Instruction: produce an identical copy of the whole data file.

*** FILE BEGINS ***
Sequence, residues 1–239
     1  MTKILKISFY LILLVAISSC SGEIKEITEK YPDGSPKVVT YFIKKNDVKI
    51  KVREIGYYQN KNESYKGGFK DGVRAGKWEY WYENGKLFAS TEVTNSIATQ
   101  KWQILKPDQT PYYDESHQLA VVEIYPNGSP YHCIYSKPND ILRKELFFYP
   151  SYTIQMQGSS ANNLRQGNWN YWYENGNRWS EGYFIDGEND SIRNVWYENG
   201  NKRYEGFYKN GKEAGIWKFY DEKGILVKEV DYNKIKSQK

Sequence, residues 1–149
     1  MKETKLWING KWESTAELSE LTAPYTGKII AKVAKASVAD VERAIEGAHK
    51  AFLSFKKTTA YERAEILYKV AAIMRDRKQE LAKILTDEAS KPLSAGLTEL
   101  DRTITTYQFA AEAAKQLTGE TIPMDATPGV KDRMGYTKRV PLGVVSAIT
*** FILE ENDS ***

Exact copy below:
Sequence, residues 1–239
     1  MTKILKISFY LILLVAISSC SGEIKEITEK YPDGSPKVVT YFIKKNDVKI
    51  KVREIGYYQN KNESYKGGFK DGVRAGKWEY WYENGKLFAS TEVTNSIATQ
   101  KWQILKPDQT PYYDESHQLA VVEIYPNGSP YHCIYSKPND ILRKELFFYP
   151  SYTIQMQGSS ANNLRQGNWN YWYENGNRWS EGYFIDGEND SIRNVWYENG
   201  NKRYEGFYKN GKEAGIWKFY DEKGILVKEV DYNKIKSQK

Sequence, residues 1–149
     1  MKETKLWING KWESTAELSE LTAPYTGKII AKVAKASVAD VERAIEGAHK
    51  AFLSFKKTTA YERAEILYKV AAIMRDRKQE LAKILTDEAS KPLSAGLTEL
   101  DRTITTYQFA AEAAKQLTGE TIPMDATPGV KDRMGYTKRV PLGVVSAIT